So that leaves us with the need to give a spoken defense. How can we make a formal spoken defense of our faith?

The first step is for us to say the name of Jesus. I am afraid that some people are so timid about their faith that the name of our savior never crosses their lips. How can anyone know of our faith if we never say his name.

The name of Jesus doesn’t just belong within the church walls. We may be comfortable talking about our faith and our spiritual pilgrimage here or with Christian friends. But somehow we need to find a way to speak of our faith to those who do not have faith.

Some of our elders have started wearing pins on their suits as a way of breaking the ice. Gerald Deskins wears a pin in the shape of a yoke. Matthew 11:28-30 says,

“Come to me, all you who labor and are heavily burdened,
and I will give you rest.
Take my yoke upon you, and learn from me,
for I am gentle and lowly in heart;
and you will find rest for your souls.
For my yoke is easy, and my burden is light.”

When people see that yoke pin on his suit or his hat, they often ask what the pin is for. Then Gerald can explain about his faith in Jesus. He is not fighting the battles of life alone, for he has a Savior which is Christ the Lord.

Jim Brown likes to wear a pin which is a tiny red chalice. When people ask about it, he can explain the importance of the Lord’s Supper in our church and in his own life. Communion with Christ is one of the key building blocks of our faith experience.

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The second step in our witness involves telling what a difference Jesus has made in our lives. What we may believe about Jesus is not as effective a witness as the difference Jesus has made in our lives. People may not care that we believe that Jesus was the virgin-born Son of God. They may not understand at all if we suggest Jesus is the third person of the Trinity now sitting at the right hand of the throne of God.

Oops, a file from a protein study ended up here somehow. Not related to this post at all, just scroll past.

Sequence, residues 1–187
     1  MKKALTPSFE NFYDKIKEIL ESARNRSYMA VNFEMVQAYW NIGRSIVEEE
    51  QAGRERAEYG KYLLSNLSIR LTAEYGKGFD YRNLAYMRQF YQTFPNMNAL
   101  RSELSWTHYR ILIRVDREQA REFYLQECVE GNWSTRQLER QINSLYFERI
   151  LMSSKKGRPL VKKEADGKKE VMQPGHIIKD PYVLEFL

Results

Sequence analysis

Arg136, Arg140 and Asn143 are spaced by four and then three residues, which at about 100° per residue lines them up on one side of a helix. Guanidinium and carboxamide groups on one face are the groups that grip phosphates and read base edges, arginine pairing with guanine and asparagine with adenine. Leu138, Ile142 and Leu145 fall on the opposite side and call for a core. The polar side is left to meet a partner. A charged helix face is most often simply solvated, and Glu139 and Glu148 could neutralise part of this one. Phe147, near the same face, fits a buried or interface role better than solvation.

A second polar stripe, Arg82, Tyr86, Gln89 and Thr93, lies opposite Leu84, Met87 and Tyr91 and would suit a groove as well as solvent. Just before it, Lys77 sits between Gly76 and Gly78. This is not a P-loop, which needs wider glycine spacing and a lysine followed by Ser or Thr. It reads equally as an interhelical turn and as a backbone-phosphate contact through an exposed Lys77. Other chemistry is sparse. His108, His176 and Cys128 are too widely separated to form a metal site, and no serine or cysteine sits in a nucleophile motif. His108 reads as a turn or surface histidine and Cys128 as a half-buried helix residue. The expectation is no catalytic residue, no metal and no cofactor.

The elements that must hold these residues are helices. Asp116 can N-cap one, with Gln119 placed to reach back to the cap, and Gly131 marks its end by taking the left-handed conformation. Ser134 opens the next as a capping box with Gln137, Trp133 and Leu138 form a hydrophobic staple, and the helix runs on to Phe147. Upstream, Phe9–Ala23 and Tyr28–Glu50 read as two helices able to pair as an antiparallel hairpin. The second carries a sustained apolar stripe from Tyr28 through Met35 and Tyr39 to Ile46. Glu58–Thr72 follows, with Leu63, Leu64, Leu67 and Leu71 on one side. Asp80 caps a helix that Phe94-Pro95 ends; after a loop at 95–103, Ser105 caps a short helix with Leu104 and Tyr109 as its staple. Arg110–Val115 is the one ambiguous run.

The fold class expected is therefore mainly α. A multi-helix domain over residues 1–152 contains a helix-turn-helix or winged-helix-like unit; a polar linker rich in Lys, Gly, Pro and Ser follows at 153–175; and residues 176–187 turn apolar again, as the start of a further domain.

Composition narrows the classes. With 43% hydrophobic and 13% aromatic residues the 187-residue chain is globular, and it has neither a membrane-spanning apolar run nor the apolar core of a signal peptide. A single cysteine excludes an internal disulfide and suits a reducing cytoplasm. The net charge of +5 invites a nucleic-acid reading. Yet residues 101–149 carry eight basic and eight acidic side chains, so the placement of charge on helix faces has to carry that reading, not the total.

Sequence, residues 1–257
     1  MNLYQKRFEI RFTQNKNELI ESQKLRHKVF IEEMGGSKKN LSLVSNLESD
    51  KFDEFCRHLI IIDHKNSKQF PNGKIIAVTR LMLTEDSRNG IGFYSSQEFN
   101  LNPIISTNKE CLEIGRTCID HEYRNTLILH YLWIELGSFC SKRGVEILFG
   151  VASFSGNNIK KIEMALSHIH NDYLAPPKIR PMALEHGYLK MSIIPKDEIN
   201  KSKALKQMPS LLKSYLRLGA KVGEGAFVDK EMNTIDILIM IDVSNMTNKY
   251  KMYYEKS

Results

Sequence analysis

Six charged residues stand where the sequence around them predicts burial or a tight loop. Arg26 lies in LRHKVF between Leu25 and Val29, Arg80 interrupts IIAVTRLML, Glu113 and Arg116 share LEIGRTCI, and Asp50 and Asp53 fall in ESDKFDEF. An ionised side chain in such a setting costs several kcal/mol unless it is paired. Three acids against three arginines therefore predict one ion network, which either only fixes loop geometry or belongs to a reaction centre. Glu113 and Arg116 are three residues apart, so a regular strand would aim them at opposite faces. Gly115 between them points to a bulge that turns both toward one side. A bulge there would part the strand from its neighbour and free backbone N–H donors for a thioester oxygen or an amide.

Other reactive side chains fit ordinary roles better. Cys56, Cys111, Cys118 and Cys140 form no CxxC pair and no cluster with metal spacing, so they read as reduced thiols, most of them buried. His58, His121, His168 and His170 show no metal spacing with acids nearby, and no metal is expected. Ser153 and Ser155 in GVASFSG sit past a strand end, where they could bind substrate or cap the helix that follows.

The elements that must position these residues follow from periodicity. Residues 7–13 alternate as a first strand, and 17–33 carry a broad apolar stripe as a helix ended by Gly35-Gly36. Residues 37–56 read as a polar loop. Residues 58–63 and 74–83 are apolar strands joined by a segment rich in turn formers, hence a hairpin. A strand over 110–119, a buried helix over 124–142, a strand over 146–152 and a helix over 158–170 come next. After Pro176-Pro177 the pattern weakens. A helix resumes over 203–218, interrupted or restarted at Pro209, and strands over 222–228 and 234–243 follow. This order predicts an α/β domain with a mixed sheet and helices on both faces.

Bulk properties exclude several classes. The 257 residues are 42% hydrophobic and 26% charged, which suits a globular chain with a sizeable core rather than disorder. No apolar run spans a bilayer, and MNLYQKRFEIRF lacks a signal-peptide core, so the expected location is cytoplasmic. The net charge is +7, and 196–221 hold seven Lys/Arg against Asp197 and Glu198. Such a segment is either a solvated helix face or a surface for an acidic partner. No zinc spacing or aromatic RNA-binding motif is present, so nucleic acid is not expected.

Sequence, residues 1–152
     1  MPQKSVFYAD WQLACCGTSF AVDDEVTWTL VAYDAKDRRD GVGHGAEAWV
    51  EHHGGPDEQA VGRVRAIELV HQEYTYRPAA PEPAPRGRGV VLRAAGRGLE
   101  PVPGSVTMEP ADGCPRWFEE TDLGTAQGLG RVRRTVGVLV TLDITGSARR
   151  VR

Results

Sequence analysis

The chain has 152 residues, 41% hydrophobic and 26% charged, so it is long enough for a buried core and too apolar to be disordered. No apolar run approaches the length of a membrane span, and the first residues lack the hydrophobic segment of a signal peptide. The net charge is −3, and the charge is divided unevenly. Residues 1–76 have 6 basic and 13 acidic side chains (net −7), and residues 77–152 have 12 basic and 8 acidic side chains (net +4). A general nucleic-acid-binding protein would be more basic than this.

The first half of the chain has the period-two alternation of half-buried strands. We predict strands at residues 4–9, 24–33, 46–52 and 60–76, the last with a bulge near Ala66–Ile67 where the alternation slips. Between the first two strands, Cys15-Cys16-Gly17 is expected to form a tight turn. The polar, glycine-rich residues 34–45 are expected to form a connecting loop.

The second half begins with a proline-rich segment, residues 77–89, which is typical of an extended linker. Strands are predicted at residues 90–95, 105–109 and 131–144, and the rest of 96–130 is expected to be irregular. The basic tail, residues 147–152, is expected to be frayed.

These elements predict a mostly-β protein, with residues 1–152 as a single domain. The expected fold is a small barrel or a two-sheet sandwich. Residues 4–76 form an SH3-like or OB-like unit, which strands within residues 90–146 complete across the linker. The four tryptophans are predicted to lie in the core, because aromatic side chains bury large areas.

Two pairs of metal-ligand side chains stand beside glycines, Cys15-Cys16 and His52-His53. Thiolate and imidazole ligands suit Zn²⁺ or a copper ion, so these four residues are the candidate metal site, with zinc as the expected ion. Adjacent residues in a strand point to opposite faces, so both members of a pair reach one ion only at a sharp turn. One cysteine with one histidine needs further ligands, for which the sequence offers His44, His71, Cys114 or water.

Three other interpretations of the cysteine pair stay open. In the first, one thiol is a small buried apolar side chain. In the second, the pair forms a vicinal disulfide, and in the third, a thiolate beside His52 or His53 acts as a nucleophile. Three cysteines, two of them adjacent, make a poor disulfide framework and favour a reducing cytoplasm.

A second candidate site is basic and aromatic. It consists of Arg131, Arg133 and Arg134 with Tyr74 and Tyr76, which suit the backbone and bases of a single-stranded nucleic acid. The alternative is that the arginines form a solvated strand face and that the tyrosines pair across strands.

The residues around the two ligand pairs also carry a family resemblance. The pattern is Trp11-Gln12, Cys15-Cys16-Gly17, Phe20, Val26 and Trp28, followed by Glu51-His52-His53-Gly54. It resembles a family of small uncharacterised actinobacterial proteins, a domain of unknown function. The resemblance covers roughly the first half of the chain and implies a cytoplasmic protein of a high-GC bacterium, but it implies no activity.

But when we say, “Jesus changed my life,” people sit up and listen. One of my former pastors, John McClanahan, used to love to tell a story he heard a church member tell him once. This church member was a recovering alcoholic, and it was his faith that enabled him to turn from the bottle. A skeptic once asked him if he believed that story about Jesus turning water into wine.

The man replied, “I don’t really know what happened at the wedding at Cana All I can tell you is what happened to me. At my house, Jesus turned money for beer into money for furniture!”

But the other side of that point is that if Jesus has made no difference in our lives, then we really don’t have anything to say in defense of our faith. In that case, we need to come on our knees before Jesus.